It’s not uncommon for a person to want to change a decedent’s Last Will and Testament. The most common reason is, “Well, that’s not really what they wanted,” or “That’s not what they meant.” Those reasons are not enough to change a will after a person has died, which is why it is essential to get the Will right when it’s being created.
Short answer? No, you can’t change a person’s will after they die.
Long answer? It depends. (Hey, we’re attorneys, this is the default answer.)
What if I don’t like what it says?
You can’t change a will just because you don’t like what it says, even if you are the executor, you can’t interpret the Will however you want. You must follow the Will to the letter because that Will is the written reflection of the testator’s last wishes.
That doesn’t mean that there aren’t ways to challenge a will.
How can I change someone’s will?
If you think there is something wrong with a person’s will, you can challenge the will on a few different grounds.
The Will wasn’t signed correctly
State laws have precise requirements on how a Will is signed.
A will that is not signed correctly may be found to be invalid, if that happens, then any prior properly executed Will will be used. If there is no previous properly executed Will, then the estate will have to be administered according to the intestacy statutes, which may work out well for the person challenging the will.
The person signing didn’t have “capacity.”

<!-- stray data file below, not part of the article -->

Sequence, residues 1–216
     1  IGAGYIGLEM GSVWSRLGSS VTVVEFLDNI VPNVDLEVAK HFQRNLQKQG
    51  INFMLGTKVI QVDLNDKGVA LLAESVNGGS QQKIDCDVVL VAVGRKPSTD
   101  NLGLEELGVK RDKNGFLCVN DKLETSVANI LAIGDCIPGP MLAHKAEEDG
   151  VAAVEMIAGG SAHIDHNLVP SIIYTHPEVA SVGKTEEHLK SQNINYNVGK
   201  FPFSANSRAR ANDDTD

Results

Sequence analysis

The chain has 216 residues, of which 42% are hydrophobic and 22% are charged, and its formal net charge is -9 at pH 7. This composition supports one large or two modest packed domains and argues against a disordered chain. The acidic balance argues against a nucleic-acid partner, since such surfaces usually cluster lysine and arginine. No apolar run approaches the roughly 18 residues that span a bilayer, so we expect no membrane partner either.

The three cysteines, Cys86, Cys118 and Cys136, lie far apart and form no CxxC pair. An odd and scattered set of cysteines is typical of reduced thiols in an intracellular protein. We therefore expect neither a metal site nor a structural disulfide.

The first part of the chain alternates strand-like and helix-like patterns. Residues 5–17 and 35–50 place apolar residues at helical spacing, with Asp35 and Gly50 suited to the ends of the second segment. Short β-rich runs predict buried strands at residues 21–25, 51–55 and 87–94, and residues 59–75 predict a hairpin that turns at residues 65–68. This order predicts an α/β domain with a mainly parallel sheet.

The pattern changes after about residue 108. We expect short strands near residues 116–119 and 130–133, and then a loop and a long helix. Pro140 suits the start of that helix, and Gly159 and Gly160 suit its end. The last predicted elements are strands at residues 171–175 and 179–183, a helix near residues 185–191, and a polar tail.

The legal concept of “capacity” means that the person is over the age of 18 and that they are of ‘sound mind,’ which means that they know what they own, they know approximately how much it is worth, and they know to whom they want to leave it. For testators who are in the early stages of dementia or Alzheimer’s, they may not understand what they own, what is it worth, or to whom they are leaving it. If a testator has a diagnosis of dementia or Alzheimer’s, the testator may have to take additional steps to confirm and ratify the decisions made in their Will to avoid the claim of “lack of capacity.”
The person signing was “unduly influenced.”
As people age, they can become weaker both physically and mentally, which can make a person susceptible to the influence of others. Undue influence occurs when someone replaces the testator’s desires with their own. If the testator feels like he or she doesn’t want to make the will with certain provisions but is being required to make the will with the provisions in it, then that person is unduly influenced.
The person signing was tricked into signing it
If the testator does not realize that they are signing a will, then the will is fraudulent and not valid. If a person is presented with a Will, but they are told that it is a power of attorney or another document, and they sign it, that will is not valid because the person signing it did not realize that the document was a will.
Should I Contest a Will?
Whether you contest a will or let it go is a judgment call question, and the answer is highly personal. Challenging a Will is an expensive and challenging process. Unless you can point to a medical diagnosis near the time of signing to show incompetence or show that a will was signed incorrectly because witness testimony doesn’t line up, it is an uphill battle to challenge a will.